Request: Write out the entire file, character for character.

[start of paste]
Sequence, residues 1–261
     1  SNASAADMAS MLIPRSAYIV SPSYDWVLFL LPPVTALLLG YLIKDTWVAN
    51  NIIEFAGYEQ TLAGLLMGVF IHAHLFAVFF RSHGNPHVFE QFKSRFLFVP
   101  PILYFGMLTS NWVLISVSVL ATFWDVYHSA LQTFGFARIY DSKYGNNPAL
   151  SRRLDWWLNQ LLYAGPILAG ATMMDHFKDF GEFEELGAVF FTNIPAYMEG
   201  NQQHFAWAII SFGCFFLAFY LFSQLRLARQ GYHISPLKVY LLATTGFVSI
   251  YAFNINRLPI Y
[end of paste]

Sequence, residues 1–261
     1  SNASAADMAS MLIPRSAYIV SPSYDWVLFL LPPVTALLLG YLIKDTWVAN
    51  NIIEFAGYEQ TLAGLLMGVF IHAHLFAVFF RSHGNPHVFE QFKSRFLFVP
   101  PILYFGMLTS NWVLISVSVL ATFWDVYHSA LQTFGFARIY DSKYGNNPAL
   151  SRRLDWWLNQ LLYAGPILAG ATMMDHFKDF GEFEELGAVF FTNIPAYMEG
   201  NQQHFAWAII SFGCFFLAFY LFSQLRLARQ GYHISPLKVY LLATTGFVSI
   251  YAFNINRLPI Y